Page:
It’s an elusive character, explains Railroad Earth mandolinst John Skehan. He has been talking about the band’s new album and that live moment when the beauty of music is revealed; that moment when everything clicks in a song, the good, the bad, the bum notes, and all. It is that place that allows things in a song to free up, when everyone in the band is on the same wavelength and true musical bliss is found. It is at that moment when a little spark ignites. Skehan says it happens in that little place in between knowing the song just enough, but not quite enough. On their latest album, Last of the Outlaws, Railroad Earth found that elusive character over and over, crafting one of the strongest studio albums of their career. It is an album that finds the band showcasing their strengths, the always glorious songwriting of singer/ guitarist Todd Shaeffer and the live powers and improvisational chops of bassist Andrew Altman, fiddler Tim Carbone, multi-instrumentalist Andy Goessling, drummer Carey Harmon, and Skehan. Railroad Earth are quite simply the closest current thing we have to The Band today with the way they tap into the soul of Americana music and their ability to subtly infuse all that they do with a bluegrass inspired, mountain born, folksy-twang, and rocking heart all at once. And Last of the Outlaws is the perfect representation of that musically inclusive, Americana soul.
The band entered the studio in October of 2012 during some down time from the road.Â They found a studio near their western New Jersey home that suited their needs.Â That combined with the knowledge that they were going to be releasing the album on their own label helped ease some of the pressure of working under a deadline and allowed the band the freedom to find a â€œspace where we could all play at the same time and record everything closer to the live environment.â€Â They imposed a rough end date of January (which is when they would be getting back out on the road) and spent the fall months of 2012 holed up in the studio working on Last of the Outlaws.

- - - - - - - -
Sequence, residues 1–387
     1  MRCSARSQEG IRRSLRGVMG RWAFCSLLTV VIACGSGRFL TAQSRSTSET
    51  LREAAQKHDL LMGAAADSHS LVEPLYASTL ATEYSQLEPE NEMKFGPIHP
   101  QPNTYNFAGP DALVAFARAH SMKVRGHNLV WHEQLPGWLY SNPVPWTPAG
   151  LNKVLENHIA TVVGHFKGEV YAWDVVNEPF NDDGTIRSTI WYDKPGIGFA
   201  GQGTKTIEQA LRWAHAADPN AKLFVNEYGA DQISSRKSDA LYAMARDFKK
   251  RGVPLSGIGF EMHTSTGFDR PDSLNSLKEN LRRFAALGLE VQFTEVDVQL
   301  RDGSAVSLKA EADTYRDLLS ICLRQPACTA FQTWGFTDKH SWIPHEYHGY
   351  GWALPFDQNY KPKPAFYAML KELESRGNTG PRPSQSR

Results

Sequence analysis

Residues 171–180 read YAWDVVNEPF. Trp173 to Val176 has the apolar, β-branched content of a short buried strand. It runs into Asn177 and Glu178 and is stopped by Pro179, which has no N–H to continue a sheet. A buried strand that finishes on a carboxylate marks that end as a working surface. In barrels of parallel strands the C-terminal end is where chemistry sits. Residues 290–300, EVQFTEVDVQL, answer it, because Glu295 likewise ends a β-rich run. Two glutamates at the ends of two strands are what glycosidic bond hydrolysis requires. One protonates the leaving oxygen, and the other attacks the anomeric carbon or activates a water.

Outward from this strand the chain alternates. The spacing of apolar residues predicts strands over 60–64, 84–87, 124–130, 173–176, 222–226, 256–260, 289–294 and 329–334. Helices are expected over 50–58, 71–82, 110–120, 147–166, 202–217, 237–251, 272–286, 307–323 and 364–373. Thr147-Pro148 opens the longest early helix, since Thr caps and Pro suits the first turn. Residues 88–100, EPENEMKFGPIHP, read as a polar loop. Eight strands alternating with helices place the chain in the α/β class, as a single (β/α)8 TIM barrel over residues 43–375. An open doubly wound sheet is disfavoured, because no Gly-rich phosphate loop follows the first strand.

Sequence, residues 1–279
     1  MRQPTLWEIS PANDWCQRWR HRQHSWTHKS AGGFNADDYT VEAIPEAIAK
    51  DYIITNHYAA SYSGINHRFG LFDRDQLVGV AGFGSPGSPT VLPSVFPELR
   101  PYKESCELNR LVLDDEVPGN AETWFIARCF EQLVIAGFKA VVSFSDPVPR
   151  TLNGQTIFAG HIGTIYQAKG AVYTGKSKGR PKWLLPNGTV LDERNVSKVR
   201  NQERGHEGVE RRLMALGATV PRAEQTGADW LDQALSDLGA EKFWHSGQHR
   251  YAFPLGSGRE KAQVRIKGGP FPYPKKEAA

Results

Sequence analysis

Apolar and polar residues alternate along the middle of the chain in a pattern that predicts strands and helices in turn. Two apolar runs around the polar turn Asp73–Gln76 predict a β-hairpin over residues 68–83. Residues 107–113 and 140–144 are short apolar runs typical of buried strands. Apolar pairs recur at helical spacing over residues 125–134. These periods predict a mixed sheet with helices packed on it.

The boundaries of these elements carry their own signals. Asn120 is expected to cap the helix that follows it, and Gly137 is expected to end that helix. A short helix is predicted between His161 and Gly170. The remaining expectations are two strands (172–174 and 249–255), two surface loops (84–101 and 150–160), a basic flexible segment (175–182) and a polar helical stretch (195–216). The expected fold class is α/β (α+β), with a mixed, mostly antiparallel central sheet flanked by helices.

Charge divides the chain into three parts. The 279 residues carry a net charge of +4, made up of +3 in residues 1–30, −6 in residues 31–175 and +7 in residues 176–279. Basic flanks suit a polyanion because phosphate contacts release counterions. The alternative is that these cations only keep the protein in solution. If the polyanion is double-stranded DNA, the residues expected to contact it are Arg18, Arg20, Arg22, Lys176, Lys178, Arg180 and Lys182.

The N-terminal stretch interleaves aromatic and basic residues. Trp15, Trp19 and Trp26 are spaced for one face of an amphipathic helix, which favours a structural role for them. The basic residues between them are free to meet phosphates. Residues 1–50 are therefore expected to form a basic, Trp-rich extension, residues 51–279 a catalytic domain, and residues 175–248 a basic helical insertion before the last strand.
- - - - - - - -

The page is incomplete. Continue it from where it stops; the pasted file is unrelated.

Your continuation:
Â Whereas on their previous self-titled album in which they begin with an extensive pre-production process, this time around Skeehan says they â€œstarted out just bouncing ideas around, just going in and playing, trying things out and recording them.â€ This approach allowed songs to grow organically and has given the album an extremely live feel.Â Skehan said that throughout the process songs morphed and changed many times as the band worked out the original riffs and melodies of each tune as they combined new ideas with old and created brand new tunes every time they were in the studio.Â In particular he mentions the brooding, piano driven, title track, â€œLast of the Outlaws,â€ as a song that evolved drastically over their time in the studio.Â He said it became something â€œvery, very different from the original fills and riffs they were playing around on.â€Â After jamming on some of the ideas and musical themes they had originally worked up for the song, they set it aside for few days until singer and guitarist Shaeffer came into the studio with a brand new song he had worked up with the ideas they had been fooling around with. This new song while rooted in the basic ideas they had been toying with, was something completely different and now had the familiar slow, jazzy feel that would become â€œLast of the Outlaws.